The healthy changes one needs to inculcate in their diabetic lifestyle include regular walks, yoga, and meditation, following proper sleep patterns, taking prescribed medicines and insulin according to doses prescribed, and, most importantly – keeping a check on what to eat and how much of it.
Choosing what to eat, the portions to consider, ways to cook certain food, etc. become valuable pointers to take care of. One such food that one has to consider a little research about before including in the diet is the Sweet Potato.
Is it safe to eat Sweet Potatoes by diabetic patients?
Well, to answer it accurately, it depends on the way you eat it and how much. Diabetic patients can take sweet potatoes, but with certain restrictions and rules.
Sweet potatoes are generally known for their carbohydrate and sugar content. There are several varieties of sweet potatoes found everywhere, and there are many ways even to cook it and be included in different recipes.
Sweet potatoes are not only delicious but also very rich in many nutrients. Considering a safe portion of this starchy fibrous vegetables can be beneficial to your body, even if you have diabetes.
First of all, let us talk about the Glycemic Index of this vegetable. The Glycemic Index is a measure that is used to determine whether a particular food item is safe to be consumed by diabetics or not. It takes into account the number of carbohydrates and other nutrients present in the food item and how it can impact one’s blood sugar levels.
Although different people have differences in their metabolic rates and functioning, no two people will have the same result in consuming the same food. General awareness of the food’s glycemic index can be a great help in managing proper food intake in your diabetic diets.
The various kinds of foods are classified based on their Glycemic Index as follows:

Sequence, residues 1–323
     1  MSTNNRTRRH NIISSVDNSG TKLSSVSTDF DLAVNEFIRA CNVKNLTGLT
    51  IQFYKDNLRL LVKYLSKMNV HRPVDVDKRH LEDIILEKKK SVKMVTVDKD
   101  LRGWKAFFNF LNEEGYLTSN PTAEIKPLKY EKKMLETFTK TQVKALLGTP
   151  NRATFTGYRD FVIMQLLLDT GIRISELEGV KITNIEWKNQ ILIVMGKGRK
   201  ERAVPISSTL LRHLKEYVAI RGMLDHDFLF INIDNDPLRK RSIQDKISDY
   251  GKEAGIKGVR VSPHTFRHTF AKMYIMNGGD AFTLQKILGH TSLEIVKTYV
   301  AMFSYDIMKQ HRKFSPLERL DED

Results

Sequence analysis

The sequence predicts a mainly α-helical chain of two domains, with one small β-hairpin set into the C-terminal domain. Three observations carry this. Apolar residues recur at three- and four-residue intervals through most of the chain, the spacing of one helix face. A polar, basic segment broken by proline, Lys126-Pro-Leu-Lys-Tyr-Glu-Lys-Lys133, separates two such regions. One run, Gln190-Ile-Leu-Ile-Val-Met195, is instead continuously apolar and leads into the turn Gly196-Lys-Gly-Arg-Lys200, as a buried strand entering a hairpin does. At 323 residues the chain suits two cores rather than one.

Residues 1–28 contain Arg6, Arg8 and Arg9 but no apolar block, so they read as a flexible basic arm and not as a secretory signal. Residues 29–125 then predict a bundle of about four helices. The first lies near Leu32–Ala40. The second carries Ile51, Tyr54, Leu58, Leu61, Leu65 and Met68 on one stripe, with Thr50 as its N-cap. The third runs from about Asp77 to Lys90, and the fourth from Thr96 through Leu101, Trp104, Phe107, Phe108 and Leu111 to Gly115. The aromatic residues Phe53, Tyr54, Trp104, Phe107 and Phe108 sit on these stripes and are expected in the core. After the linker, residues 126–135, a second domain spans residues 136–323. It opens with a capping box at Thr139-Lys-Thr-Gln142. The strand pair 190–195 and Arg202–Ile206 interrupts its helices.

– Low GI – ranging from 0 to 55
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– Medium GI – ranging from 56 to 69
– High GI – ranging over 70
The glycemic index is not always the same for a food item; it can vary depending on the way a food is cooked, taken raw, store-bought, processed in factories, added with preservatives, etc.
The fact that the Glycemic index of foods differs according to their cooking is exceedingly true for Sweet Potatoes. The Glycemic Index can range from low to even high when cooked in a specific method.
How much of the Sweet potato should be had by diabetics?
Well, as by now, we are aware that sweet potatoes are good for the health, but must be taken in regulated quantities if you have diabetes, therefore, let us discuss the recommended amount one can have.
Most sweet potatoes are big, and that much of an amount is not recommended. It is best to select medium-sized sweet potatoes and use only one for consumption. This will be around 80 grams of sweet potato. Lesser amounts are fine, but more than this quantity must be avoided.
Let us get into further details of how the Glycemic index differs from the variation in the sweet potato recipes:
Changes in the Glycemic Index of Sweet Potatoes with the changes in cooking method:
– Boiled Sweet Potatoes: Boiling is considered to be one of the healthy ways to cook food to reduce its effects on the blood sugars.
Boiling the starchy sweet potatoes helps the starch be broken down easily in the human body’s digestive system.
This prevents extreme spikes in the sugar levels in the blood.
Boiling also makes another excellent addition to the sweet potato, that is – it makes the vegetable to retain comparatively more resistant starch that is a kind of fiber that slows down the digestion process and releases sugars at a slower pace. Thus, the level of blood sugar rising dangerously is prevented.
The sweet potatoes have a low to medium range of Glycemic Index when boiled.
The more you boil it, the lower goes its glycemic count.
For instance, sweet potatoes that are boiled for around 10 minutes will have a GI of 61, which is moderate in the category.
When the sweet potatoes are boiled for a longer time, say for 30 minutes, the GI drops to a lower category and is about 46.
Therefore, boiling is an efficient way of adding sweet potato to your diet.
– Baking the Sweet Potato: Baking is another popular method of preparing the sweet potato. But this is not the perfect way to cook it if you have diabetes.
Baking the sweet potatoes tends to have a more significant effect on their glycemic index.
On baking, the Sweet potato becomes a high Glycemic Index item.
Baking a peeled sweet potato for about 45 minutes makes it high in GI, 94.
Sweet potato consumed in this way can have very sudden reactions on the body’s blood sugar count, and it can be problematic for diabetic patients. It is thus advisable to avoid having baked sweet potatoes by diabetics, pre-diabetics, obese individuals, and those trying to watch their diet.
Instead, you can stick to boiling the sweet potato for a longer time and then eating it to minimize its effects on the blood sugar levels.
– Fried Sweet Potatoes: As obvious as it sounds, frying is not the best option either. Frying anything makes it harmful for the body and its digestive functioning even though it can enhance taste and texture.